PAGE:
Notion Music Notion 3 review

  • £169
Notion 3 features band sounds as well as orchestral ones.

MusicRadar Verdict

With v3, Notion's notation-meets-audio approach has solidified, resulting in a far more rounded product.


  • +

    Vastly improved library. VST instrument and plug-in support. Better MIDI implementation. Presets for third-party libraries. ReWire master or slave.


  • -

    No mixer EQ or dynamics. Graphic score editing can feel limited.

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Notion is a notation-based sequencer package aimed at composers and those writing in score format.

Version 2 reviewed well but came up short with its bundled library. The new version rectifies this and includes not only Notion 2's library (about 8GB of far-miked samples courtesy of the London Symphony Orchestra) but also an improved LSO sample set.

With close-miked stereo samples and up to seven dynamic layers, this is more akin to a typical orchestral sample library, and Notion has bundled a version of IK Multimedia's CSR (Hall algorithm only) to cope with reverb duties. However, possibly more significant is the inclusion of the sample library from the company's Progression app, which features guitars, bass, drums, piano and electric piano.

What's new?

It transpires that the library refit is just one aspect of the upgrade. Starting with compatibility, N3 supports VST plug-ins, VST instruments and ReWire (both master and slave). In addition to WAV file export, there's now basic WAV file import and enhanced MIDI functions, including MIDI Out and a sequencer-style stave.

Audio routing is handled by a new mixer, which offers level/mute/solo, 'power pan' (you can pan the left and right channels individually), four VST inserts per channel, four auxiliary busses, direct hardware routing, and support for multiple-output VST instruments. As well as the aforementioned CSR reverb, there's also IK's AmpliTube X-Gear (basically AmpliTube 2 Duo and Ampeg SVX Uno in a unified shell). What you don't get, however, is any kind of EQ or dynamics processing.

On the graphical front, Notion has received a considerable facelift and now sports the guitar fretboard from Progression, a redesigned workspace and new all-in-one tool palette.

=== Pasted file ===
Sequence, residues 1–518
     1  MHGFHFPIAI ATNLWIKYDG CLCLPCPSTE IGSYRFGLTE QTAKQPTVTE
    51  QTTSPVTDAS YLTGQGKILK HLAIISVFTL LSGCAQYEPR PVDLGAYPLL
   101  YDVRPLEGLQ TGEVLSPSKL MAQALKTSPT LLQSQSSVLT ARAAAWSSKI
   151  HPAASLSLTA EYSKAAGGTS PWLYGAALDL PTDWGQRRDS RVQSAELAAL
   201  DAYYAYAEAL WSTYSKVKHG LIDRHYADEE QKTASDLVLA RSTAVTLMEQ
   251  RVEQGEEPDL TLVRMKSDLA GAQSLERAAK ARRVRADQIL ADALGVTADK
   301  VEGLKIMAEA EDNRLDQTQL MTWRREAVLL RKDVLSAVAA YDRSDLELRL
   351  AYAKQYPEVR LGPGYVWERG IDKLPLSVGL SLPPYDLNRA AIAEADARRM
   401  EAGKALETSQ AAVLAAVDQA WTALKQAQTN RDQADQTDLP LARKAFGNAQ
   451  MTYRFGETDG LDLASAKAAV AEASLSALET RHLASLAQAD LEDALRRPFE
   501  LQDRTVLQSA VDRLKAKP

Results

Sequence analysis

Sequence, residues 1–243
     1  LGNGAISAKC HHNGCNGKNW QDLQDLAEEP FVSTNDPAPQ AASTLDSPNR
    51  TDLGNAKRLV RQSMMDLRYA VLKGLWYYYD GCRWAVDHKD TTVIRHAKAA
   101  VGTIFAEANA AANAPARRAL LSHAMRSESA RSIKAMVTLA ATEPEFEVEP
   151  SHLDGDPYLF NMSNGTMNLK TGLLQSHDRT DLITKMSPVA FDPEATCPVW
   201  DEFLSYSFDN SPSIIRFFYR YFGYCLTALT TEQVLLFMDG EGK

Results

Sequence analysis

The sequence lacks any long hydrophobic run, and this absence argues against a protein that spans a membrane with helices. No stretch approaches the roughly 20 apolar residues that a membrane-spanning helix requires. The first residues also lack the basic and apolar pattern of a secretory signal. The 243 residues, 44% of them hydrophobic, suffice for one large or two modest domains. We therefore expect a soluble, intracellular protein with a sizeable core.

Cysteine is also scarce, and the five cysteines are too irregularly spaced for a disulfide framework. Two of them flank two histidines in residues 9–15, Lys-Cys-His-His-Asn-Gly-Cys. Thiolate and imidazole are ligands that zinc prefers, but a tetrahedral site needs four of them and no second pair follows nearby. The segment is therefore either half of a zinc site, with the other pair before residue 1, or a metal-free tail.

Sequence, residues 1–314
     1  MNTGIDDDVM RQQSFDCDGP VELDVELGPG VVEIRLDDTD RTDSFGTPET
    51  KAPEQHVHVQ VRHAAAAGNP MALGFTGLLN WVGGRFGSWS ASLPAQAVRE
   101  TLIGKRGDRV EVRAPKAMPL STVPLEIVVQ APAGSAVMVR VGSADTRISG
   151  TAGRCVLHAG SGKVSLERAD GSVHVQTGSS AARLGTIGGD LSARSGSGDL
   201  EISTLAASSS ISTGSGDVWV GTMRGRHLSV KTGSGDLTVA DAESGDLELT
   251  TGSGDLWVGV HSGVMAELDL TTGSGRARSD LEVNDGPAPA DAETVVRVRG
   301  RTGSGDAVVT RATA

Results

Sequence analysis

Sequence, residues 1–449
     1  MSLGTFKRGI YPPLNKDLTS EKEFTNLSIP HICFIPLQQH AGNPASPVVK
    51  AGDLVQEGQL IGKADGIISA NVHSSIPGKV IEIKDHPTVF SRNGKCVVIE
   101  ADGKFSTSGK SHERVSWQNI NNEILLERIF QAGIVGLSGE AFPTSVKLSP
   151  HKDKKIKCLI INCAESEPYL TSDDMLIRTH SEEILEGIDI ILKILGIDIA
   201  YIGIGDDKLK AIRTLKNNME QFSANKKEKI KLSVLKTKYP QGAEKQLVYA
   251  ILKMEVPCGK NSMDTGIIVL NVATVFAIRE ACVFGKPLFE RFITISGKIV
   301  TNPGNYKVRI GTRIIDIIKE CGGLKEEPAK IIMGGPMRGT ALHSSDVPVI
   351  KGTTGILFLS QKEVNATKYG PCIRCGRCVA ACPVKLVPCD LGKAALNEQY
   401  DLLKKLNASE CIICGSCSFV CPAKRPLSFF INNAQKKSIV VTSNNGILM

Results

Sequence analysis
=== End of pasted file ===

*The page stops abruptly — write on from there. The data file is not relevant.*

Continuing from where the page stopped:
One important aspect of Notion is live use. Performance mode enables you to control playback using either your computer or MIDI keyboard, with velocity-controlled dynamics in the case of the latter. As before, this operates in both basic and more precise (NTempo) modes.

Finally, an additional feature called LivePlay gives you the option of playing an instrument live, accompanied by your score playback.

In use

Although Notion 3 includes more DAW-like features, its methodology is still rooted in notation. This means that while composing, you'll spend time switching between Edit Mode (for adding notes, markings and so on) and Score Setup Mode where you add or remove instruments.

Also fundamental is the concept that Notion plays what's written, interpreting most dynamic and articulation markings.

Once you start composing, getting to grips with the entry palette is vital. This includes everything from notes, rests and key signatures to staves, chords and articulations. Each function is achieved by 'arming' your cursor from the palette and then dropping the item on your score. Usually this is fine, but we found the desire to work quickly got us hunting for key commands (you'll find these listed in dialog boxes over each palette function).

Notion 3 tools

Notion 3 tools

If this sounds laborious, you can also input via a MIDI keyboard in both record and step modes. The new Sequencer Staff option lets you see things in familiar piano roll format. In practice, we found it a little fiddly to work with as the note graphics are quite small, and we ended up converting to standard notation for editing.


Notion 3's library definitely hits the mark, delivering more edge than v2's. But we found that the two complement each other well, with the old library delivering plenty of legato glue.

We noticed greater differentiation between articulations with Notion 3's sounds. Most dynamic and playing style markings (staccato, glissando, pizzicato, tremolo, crescendo, etc) are interpreted as expected. Some text markings (eg, 'behind bridge' for strings) are purely for player direction and don't affect the sound; however, we were surprised that we could add a mute to a trombone playing fluttertongue style to get muted fluttertongue. Our only real gripe with the orchestral library is the lack of ensemble presets besides strings.

The Progression 'band' library opens up Notion 3 to a wider audience. The sounds aren't cutting-edge but are sonically excellent and there's enough here to score for a band


As its makers suggest, Notion 3 bridges the gap between notation and audio apps. This means it does a bit of both but excels at neither - you won't find quite the same level of graphic flexibility as Finale, for example.

But to complain too much here would be missing the point, as Notion 3 is primarily a composition and performance tool for people who communicate using traditional score. Its goal of being quick, flexible and simple to understand is admirably achieved in this latest version.

Our Notion 3 audio demo contains:

1. A band and orchestra track using Notion 3 sounds. The song is played back with a rigid tempo.

2. The same track but this time in Performance mode with a tempo that picks up in middle section then ritardando towards the end and held last note.

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